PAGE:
LYNN — A transformed waterfront has the ability to enhance the city of Lynn, and would include public access, parks, and new development all coming together.
That’s the vision laid out in the Lynn Waterfront Open Space Master Plan, which focuses on increasing open space and public access for the city’s 305-acre waterfront site, from southeast of the Lynnway between the General Edwards Bridge and the Department of Conservation and Recreation’s (DCR’s) Nahant Beach Reservation.
Mayor Thomas M. McGee said the plan will lay the groundwork for, and add substantial value to, waterfront properties that will be developed in the future. More open space and access would add value to the community and give the public a chance to take advantage of a waterfront that has been closed off for years, he said.
“It’s been years of discussion and years of a larger vision of much greater use of the length and breadth of our waterfront,” McGee said.
Much of the waterfront remains inaccessible to the public and lacks a sense of identity, which the plan aims to rectify. Often where public access exists, it’s in poor condition.
Large-scale visions include transforming the city’s former landfill into a public park, which would feature live events and entertainment, and connecting the entire waterfront with a promenade, or paved public walk, and linking the waterfront to the downtown.
“Our goal is to have public access along the waterfront similar to what we have at Lynn Shore Drive,” said James Cowdell, Economic Development & Industrial Corporation of Lynn executive director.
The plan was prepared by Brown, Richardson + Rowe, a landscape architect and planning firm, for the city of Lynn, the Executive Office of Energy and Environmental Affairs (Gateway City Parks Program) and the Department of Conservation and Recreation (DCR).
It is one of three plans in the works for a new waterfront. Also underway is an update of the 2007 Waterfront Master Plan, focusing on transforming the site with residential, commercial and industrial development, and a Municipal Harbor Plan, which states a municipality’s goals, standards and policies to guide public and private land use among harbors.
The first major aspect of a reimagined waterfront will kick off this spring with the groundbreaking of the $90 million redevelopment of the Beacon Chevrolet site into 332 market-rate apartments in multiple buildings.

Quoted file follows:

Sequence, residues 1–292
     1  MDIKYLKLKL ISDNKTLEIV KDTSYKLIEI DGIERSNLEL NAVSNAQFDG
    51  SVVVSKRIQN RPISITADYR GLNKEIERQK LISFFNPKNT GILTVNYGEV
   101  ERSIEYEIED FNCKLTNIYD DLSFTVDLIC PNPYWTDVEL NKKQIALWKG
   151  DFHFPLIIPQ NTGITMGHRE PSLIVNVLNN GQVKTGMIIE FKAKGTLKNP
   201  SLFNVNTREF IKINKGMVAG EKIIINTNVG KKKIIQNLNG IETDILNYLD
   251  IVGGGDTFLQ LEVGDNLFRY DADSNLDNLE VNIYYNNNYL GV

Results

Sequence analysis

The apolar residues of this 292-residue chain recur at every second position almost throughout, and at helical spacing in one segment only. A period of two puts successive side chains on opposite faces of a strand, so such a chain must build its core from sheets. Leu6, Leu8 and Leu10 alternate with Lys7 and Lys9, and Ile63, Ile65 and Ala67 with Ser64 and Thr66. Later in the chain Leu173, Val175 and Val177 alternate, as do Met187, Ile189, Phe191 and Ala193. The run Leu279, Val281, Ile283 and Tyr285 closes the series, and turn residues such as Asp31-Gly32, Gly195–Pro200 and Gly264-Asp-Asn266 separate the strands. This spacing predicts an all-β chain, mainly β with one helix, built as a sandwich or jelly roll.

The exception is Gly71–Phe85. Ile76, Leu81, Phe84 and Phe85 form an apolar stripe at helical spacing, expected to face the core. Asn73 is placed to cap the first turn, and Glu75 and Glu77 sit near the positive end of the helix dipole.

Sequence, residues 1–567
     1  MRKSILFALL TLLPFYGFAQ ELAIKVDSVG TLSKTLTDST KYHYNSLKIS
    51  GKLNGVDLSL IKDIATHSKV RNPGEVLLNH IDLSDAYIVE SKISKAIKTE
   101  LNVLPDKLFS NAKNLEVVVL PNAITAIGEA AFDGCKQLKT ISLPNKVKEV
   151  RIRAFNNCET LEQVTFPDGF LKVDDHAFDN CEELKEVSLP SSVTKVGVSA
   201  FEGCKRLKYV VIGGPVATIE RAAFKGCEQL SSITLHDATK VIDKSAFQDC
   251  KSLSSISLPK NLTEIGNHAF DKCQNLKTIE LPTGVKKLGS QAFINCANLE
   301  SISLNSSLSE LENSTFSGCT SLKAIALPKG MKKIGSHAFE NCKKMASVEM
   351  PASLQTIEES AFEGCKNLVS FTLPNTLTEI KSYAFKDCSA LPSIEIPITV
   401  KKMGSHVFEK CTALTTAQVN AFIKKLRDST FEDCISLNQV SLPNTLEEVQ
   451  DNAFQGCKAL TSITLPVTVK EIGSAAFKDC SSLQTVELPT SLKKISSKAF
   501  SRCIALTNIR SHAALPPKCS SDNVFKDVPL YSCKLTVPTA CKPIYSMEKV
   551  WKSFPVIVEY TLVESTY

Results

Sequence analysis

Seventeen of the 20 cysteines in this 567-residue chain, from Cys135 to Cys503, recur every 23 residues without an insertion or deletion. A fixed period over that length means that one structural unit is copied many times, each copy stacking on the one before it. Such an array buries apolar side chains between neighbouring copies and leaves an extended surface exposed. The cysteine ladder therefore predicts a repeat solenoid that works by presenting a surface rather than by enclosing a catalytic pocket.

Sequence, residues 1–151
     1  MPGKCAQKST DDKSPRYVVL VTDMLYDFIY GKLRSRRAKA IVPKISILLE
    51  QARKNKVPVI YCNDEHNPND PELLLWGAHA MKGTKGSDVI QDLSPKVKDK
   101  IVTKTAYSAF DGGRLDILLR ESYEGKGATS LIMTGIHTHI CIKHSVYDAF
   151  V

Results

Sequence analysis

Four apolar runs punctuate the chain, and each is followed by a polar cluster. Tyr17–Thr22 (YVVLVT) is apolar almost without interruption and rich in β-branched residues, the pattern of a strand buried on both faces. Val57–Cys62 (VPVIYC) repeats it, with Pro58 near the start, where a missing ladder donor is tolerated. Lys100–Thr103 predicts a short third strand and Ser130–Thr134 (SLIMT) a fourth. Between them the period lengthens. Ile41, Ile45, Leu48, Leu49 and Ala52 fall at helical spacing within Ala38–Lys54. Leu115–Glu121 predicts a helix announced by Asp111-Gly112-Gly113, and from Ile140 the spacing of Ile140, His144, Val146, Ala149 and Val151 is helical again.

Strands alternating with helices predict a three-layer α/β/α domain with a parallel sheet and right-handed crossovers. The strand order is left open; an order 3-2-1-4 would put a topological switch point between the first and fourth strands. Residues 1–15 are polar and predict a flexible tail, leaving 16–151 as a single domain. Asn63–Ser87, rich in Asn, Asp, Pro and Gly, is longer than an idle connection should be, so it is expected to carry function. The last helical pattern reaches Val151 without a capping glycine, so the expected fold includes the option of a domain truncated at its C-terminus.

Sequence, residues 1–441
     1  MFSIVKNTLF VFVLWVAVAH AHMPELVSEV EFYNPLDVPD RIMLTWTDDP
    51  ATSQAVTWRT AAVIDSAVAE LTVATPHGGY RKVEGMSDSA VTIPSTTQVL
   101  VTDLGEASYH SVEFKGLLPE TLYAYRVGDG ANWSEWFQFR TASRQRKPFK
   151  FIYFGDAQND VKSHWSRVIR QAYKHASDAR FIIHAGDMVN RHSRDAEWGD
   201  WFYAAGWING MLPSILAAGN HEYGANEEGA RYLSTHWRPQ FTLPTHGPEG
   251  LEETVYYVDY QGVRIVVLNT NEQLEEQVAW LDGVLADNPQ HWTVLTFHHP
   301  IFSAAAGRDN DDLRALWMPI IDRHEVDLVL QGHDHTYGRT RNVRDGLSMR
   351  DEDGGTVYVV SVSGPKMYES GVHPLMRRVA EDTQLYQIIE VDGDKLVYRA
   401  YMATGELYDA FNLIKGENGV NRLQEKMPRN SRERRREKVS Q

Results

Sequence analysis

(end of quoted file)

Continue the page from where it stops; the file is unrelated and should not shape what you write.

The 14-acre site across from North Shore Community College on the Carroll Parkway, dubbed North Harbor, has been vacant for more than three decades.
The North Andover-based development team, Minco Corporation, plans to connect the walkway from the Heritage State Park to the Clocktower Business Center on the Lynnway to provide a downtown connection to the waterfront.
Last week, bids were awarded for the construction of a $1.4 million, 48,000 square-foot seawall, paid for through a state grant, which is part of that development, according to Cowdell.
Cowdell said the city awarded the bid to Charter Engineering, the same firm enlisted by National Grid to work on the landfill to park project. The seawall is expected to be completed in late spring or early summer.
Implementing the open space plan, which includes a revamped, more public-friendly ferry terminal, several parks, plazas and a cohesive connection between the waterfront’s three major areas, known as South Harbor, Central Harbor and North Harbor, will not be without its challenges.
Much of the site has been used for industrial and commercial purposes, which has left contamination. Before becoming a park, the city’s landfill is undergoing a cap-repair project for a failing cap to bring the site into compliance with state solid waste regulations.
Two seawalls in poor condition will need to be repaired at a substantial cost, which the plan says could be a major impediment, because it leaves the area vulnerable to rising sea levels. A DCR-owned fishing pier at the South Harbor is in rough shape, with a rebuild and upgrade projected to be another significant investment.
One of the plan’s consultants, Clarissa Rowe, principal at Brown, Richardson + Rowe, said at a recent City Council meeting that the state has allotted an $11 million budget to make necessary repairs to implement the open space plan, but a more realistic price tag is $22 million.
Other challenges include navigating permitting restrictions, such as Chapter 91 for future development, and the city working with the vast number of different owners along the waterfront. Crossing the Lynnway is a major impediment to public access.
For the plan to be adopted, city and state approval is needed, according to Cowdell.